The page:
The 46 writers represented in the new collection She’s Got This!, and the work they share in its pages, make clear that profound social change comes when women’s lives are made public. The true-life stories and individual manifestos they share with readers urge readers to move forward by embracing our former selves with tenderness.
Dorothy O’Donnell takes on the challenge of competing in a grueling triathlon in her essay. When she signs up to tackle a one-mile ocean swim, the experience of it knocks her literally on her ass—and echoes the deeper upheaval that her previous years of drinking caused. After she completes the swim, she feels the power and gratitude of survival for both journeys.
Lucinda Cummings describes coming to terms with her son’s death in “What’s Left Behind,” and what it’s like to sort through his belongings years later. “So many of the things our loved ones leave behind,” she profoundly declares, “have voices and give off light.”
It’s the learning to live with the new normal that shines in this essay—which connects to another by Beth Touchette. She writes about the experience of losing family photographs in a fire, and realizes that she can’t hang onto “a child, object or even a moment.” Mementos are symbolic; keeping them, holding tight, can sometimes be the signal that we have to let go.
Joanne Hartman writes about wanting to be like all the other suburban non-Jewish kids in her neighborhood—and how it collides with her mother’s habit of sharing Holocaust experiences with her friends. “I’m The Girl With The Holocaust Mother,” she writes. “Something I’ve been trying to escape from all my life.”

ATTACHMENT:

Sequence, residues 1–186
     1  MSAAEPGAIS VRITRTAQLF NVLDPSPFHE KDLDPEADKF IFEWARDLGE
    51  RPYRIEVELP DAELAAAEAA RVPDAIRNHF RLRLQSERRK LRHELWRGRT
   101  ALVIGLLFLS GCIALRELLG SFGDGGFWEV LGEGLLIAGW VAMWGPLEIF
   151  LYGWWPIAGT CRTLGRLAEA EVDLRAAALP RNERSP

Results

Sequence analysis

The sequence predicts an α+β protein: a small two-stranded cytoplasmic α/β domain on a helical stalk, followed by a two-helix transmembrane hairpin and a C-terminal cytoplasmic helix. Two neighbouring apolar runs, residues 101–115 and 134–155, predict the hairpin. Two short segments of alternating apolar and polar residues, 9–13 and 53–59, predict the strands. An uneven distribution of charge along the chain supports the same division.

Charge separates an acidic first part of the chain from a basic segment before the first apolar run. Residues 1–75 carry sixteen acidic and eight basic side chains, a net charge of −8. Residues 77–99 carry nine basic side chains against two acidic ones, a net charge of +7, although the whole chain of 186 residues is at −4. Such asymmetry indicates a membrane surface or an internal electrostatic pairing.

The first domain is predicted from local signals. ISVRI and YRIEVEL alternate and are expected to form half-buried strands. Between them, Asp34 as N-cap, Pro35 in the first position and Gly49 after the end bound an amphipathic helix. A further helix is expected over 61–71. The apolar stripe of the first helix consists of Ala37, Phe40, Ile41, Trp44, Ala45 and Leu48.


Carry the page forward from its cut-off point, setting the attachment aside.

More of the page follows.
Hartman’s younger self can’t take in her mother’s stories. These aren’t the stories her friends’ mother tells. “I wanted a mother like the others in our cul-de-sac,” she explains, “who packed their children sandwiches made with Jif peanut butter—the smooth kind—and Welch’s grape jelly on squishy white Wonder Bread. Not liverwurst on challah.” It is only after her mother dies that Hartman is able to let down her guard. She takes in her mother’s experiences then as she reads her mother’s memoir, words she left for her daughter and the world, and when she does, the walls fall away.
Mary Claire Hill describes the early days of her teen son’s disabilities—insatiable appetite, cognitive impairment, violent tantrums—but also hers and her son’s gradual, hard-earned journey toward healing.
“How lucky I was to be sitting there, with just him, with no siblings eye-rolling or trying to fill in the gaps in his stuttered speech or interrupting when he repeated a thought,” Hill writes, remembering the period after her son, now a teenager, excitedly describes his day at school. “No audible sighs when his face contorted with the effort of producing the right word. Just me and Oscar and a story to tell.”
Looking back, Hill wishes she could have told her younger self that one day her son would be okay and that he would find his way in the world. It is a sentiment we’ve all felt—a reminder of the importance of holding ourselves with compassion regardless of where we are in our lives.